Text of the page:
Tools for life, not just dance

March Hare Festival offers performances, discussion and community.

By ORI J. LENKINSKI
March 13, 2019 22:18
3 minute read.
A PERFORMANCE from the March Hare Dance Festival

A PERFORMANCE from the March Hare Dance Festival. (photo credit: KIM TEITELBAUM)

 
X

Dear Reader,
As you can imagine, more people are reading The Jerusalem Post than ever before. Nevertheless, traditional business models are no longer sustainable and high-quality publications, like ours, are being forced to look for new ways to keep going. Unlike many other news organizations, we have not put up a paywall. We want to keep our journalism open and accessible and be able to keep providing you with news and analysis from the frontlines of Israel, the Middle East and the Jewish World.

As one of our loyal readers, we ask you to be our partner.

For $5 a month you will receive access to the following:

  • A user experience almost completely free of ads
  • Access to our Premium Section
  • Content from the award-winning Jerusalem Report and our monthly magazine to learn Hebrew - Ivrit
  • A brand new ePaper featuring the daily newspaper as it appears in print in Israel

Help us grow and continue telling Israel’s story to the world.

Thank you,

Ronit Hasin-Hochman, CEO, Jerusalem Post Group
Yaakov Katz, Editor-in-Chief

UPGRADE YOUR JPOST EXPERIENCE FOR 5$ PER MONTH Show me later

Ten years ago, responding for a need for deeper discourse surrounding dance in Israel, choreographer Anat Danieli assembled a small group of female artists to meet and workshop their creations. The group was nomadic, meeting in different studio spaces around Tel Aviv, and occasionally, in Jerusalem. The topics discussed ranged from choreographic tactics to critical thought to personal stories and more.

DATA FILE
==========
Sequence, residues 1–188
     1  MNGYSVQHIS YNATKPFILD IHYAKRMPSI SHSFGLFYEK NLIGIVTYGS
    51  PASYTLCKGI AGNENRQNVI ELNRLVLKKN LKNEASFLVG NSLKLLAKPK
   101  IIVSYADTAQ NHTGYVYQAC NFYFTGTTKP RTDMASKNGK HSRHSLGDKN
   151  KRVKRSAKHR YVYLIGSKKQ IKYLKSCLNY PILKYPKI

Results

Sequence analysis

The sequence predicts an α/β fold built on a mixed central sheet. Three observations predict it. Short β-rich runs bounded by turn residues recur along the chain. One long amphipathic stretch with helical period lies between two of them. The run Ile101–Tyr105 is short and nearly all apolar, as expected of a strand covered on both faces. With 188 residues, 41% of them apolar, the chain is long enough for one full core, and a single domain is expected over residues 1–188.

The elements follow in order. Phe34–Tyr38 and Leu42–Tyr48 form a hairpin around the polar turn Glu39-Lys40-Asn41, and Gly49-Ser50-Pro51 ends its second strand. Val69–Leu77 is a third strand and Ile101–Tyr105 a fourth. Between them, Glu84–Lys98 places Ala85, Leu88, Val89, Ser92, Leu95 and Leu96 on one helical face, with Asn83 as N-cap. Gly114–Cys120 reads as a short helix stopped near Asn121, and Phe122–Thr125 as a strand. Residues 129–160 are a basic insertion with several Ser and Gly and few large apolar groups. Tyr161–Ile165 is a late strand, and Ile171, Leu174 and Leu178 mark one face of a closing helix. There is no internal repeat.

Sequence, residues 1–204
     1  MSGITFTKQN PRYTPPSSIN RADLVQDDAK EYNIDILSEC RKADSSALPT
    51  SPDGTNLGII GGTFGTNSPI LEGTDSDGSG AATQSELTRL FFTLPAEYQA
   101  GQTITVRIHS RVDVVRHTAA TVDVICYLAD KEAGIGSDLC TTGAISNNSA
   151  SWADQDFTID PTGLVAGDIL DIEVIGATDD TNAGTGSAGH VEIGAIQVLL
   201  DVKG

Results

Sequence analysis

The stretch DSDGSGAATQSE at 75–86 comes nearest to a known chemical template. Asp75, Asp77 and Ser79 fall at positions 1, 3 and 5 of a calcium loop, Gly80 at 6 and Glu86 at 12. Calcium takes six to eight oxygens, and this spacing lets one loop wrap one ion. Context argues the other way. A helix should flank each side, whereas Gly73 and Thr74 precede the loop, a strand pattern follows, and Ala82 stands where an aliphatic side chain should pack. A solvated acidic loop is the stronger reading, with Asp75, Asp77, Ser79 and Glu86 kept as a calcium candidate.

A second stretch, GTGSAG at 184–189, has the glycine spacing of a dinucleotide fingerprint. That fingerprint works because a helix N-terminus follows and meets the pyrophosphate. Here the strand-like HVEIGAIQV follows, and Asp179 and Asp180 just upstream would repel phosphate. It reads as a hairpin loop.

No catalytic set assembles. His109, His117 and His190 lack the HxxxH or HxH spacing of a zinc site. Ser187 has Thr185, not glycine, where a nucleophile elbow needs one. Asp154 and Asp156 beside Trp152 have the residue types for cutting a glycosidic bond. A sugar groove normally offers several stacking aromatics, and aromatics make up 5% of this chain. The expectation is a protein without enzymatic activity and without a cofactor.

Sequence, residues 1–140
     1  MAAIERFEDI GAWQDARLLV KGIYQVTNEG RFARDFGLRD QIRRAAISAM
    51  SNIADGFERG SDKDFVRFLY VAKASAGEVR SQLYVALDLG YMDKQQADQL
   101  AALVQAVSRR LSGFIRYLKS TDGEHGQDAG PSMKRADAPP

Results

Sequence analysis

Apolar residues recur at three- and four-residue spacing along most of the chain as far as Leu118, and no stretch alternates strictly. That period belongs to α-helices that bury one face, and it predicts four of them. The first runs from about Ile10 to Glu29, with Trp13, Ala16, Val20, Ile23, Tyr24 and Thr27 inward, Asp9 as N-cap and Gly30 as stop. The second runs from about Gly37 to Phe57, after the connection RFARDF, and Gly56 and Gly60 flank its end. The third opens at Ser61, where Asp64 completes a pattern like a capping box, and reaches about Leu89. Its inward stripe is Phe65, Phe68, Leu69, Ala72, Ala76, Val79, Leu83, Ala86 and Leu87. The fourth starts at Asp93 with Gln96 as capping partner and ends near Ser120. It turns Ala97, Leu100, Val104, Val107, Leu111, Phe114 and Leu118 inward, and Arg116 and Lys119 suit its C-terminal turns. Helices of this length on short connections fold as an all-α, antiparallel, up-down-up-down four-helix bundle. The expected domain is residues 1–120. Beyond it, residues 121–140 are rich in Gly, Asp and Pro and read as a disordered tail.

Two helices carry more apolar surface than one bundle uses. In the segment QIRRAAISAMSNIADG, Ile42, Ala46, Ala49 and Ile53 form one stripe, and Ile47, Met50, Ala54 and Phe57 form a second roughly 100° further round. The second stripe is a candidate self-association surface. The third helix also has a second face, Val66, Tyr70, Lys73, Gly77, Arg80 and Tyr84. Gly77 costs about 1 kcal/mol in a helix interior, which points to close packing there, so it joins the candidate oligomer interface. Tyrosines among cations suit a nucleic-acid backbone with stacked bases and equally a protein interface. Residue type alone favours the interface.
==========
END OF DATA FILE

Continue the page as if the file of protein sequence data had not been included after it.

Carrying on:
Unbeknown to its members, this group was the first step toward the establishment of the Kelim Choreography Center, a concept that would grow and shift, and eventually inhabit a sprawling former army base in Bat Yam. Since those first days, Danieli and her team have continued to identify and meet the needs of their community, and as a results, largely influenced the tone of dance in Israel today. 
The center’s flagship event, the March Hare Dance Festival, opens later this month for six days of performances, discussions, community work and festivities. Danieli called upon veteran curator Yair Vardi to team up on devising a program that would truly celebrate the accomplishments of Kelim. 


“When we started to work on the festival, we had the thought that we could talk about the work of Kelim,” explained Vardi in a recent interview with The Jerusalem Post. Vardi, 34, is a choreographer, dramaturge, director, curator and lighting designer. He is the former co-artistic director of the Tmuna Theater, where he initiated such projects as the A Genre Festival (which will celebrate its 15th edition next month). “It’s a center that touches on a lot of different types of work. We wanted the festival to represent them.”